Microsoft-owned GitHub plans to sunset its developer-focused text editor Atom. Citing a lack of “significant feature development”, GitHub says that Atom will be killed off in December and its projects will be archived.
Atom has been around for more than a decade and has built up a dedicated following, but now its users have just six months to seek out an alternative that they love just as much.
In a blog post about the decision, GitHub says: “When we introduced Atom in 2011, we set out to give developers a text editor that was deeply customizable but also easy to use — one that made it possible for more people to build software. While that goal of growing the software creator community remains, we’ve decided to retire Atom in order to further our commitment to bringing fast and reliable software development to the cloud via Microsoft Visual Studio Code and GitHub Codespaces. Today, we’re announcing that we are sunsetting Atom and will archive all projects under the organization on December 15, 2022”.
Going on to explain why the decision has been taken, GitHub says:
Atom has not had significant feature development for the past several years, though we’ve conducted maintenance and security updates during this period to ensure we’re being good stewards of the project and product. As new cloud-based tools have emerged and evolved over the years, Atom community involvement has declined significantly. As a result, we’ve decided to sunset Atom so we can focus on enhancing the developer experience in the cloud with GitHub Codespaces.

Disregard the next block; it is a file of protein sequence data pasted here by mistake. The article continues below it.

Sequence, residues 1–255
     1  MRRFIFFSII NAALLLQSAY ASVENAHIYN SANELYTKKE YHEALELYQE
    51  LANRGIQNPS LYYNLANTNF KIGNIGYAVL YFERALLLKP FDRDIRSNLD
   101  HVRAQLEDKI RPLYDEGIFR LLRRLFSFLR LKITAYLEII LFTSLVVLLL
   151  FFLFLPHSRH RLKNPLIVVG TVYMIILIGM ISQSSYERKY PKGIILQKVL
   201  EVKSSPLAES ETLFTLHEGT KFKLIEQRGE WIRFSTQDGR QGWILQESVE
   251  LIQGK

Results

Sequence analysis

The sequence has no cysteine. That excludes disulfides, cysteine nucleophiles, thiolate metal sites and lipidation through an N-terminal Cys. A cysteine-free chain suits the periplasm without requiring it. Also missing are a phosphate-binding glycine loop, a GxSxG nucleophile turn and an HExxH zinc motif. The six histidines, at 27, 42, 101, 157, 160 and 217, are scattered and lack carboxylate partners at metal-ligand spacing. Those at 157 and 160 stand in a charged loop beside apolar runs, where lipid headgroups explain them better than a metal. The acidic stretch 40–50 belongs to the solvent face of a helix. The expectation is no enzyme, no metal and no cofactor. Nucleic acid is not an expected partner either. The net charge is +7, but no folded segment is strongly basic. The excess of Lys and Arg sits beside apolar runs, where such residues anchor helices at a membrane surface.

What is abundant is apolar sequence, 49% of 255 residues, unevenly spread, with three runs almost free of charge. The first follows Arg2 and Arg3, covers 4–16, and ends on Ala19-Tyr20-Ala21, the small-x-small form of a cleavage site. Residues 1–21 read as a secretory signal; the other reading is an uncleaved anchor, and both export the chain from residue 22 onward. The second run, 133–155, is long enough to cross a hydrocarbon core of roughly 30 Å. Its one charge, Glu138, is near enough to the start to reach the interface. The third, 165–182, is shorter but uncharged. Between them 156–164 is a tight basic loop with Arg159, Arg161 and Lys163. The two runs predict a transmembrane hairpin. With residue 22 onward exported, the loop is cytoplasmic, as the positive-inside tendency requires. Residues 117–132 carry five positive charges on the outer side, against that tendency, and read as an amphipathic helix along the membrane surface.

This is a tough goodbye. It’s worth reflecting that Atom has served as the foundation for the Electron framework, which paved the way for the creation of thousands of apps, including Microsoft Visual Studio Code, Slack, and our very own GitHub Desktop. However, reliability, security, and performance are core to GitHub, and in order to best serve the developer community, we are archiving Atom to prioritize technologies that enable the future of software development.
Acknowledging that it will take users time to settle on an alternative, GitHub says it is committed to helping users and contributors plan for their migration.
The company concludes by setting out a timeline and thanking users for their support:
Today, we’re announcing the sunset date six months out.Over the next six months, we’ll continue to inform Atom users of the sunset in the product and on atom.io.On December 15, 2022, we will archive the atom/atom repository and all other repositories remaining in the Atom organization.